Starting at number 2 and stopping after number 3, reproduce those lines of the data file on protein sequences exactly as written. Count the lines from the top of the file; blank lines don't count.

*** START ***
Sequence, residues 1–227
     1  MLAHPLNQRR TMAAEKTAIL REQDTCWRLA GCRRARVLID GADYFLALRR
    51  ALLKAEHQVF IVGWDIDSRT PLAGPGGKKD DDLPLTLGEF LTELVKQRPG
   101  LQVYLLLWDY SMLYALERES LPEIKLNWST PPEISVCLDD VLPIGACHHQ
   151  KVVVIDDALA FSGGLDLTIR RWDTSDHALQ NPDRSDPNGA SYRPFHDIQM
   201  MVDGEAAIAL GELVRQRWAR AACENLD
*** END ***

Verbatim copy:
     1  MLAHPLNQRR TMAAEKTAIL REQDTCWRLA GCRRARVLID GADYFLALRR
    51  ALLKAEHQVF IVGWDIDSRT PLAGPGGKKD DDLPLTLGEF LTELVKQRPG